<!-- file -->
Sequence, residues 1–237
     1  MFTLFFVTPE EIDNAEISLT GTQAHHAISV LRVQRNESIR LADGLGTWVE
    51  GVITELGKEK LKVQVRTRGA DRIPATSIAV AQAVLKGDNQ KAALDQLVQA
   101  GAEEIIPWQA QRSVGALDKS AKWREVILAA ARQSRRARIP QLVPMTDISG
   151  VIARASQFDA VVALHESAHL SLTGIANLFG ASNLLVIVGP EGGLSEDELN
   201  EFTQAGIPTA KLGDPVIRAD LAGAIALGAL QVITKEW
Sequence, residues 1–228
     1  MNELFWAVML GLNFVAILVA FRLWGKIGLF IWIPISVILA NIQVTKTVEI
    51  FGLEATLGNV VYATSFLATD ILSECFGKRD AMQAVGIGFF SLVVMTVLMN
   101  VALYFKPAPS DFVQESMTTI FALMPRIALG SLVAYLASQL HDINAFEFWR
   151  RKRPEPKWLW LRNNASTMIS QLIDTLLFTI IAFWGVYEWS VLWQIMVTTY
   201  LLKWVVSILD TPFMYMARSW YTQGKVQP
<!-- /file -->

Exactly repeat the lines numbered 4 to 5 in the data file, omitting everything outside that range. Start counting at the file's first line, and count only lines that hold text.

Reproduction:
   101  GAEEIIPWQA QRSVGALDKS AKWREVILAA ARQSRRARIP QLVPMTDISG
   151  VIARASQFDA VVALHESAHL SLTGIANLFG ASNLLVIVGP EGGLSEDELN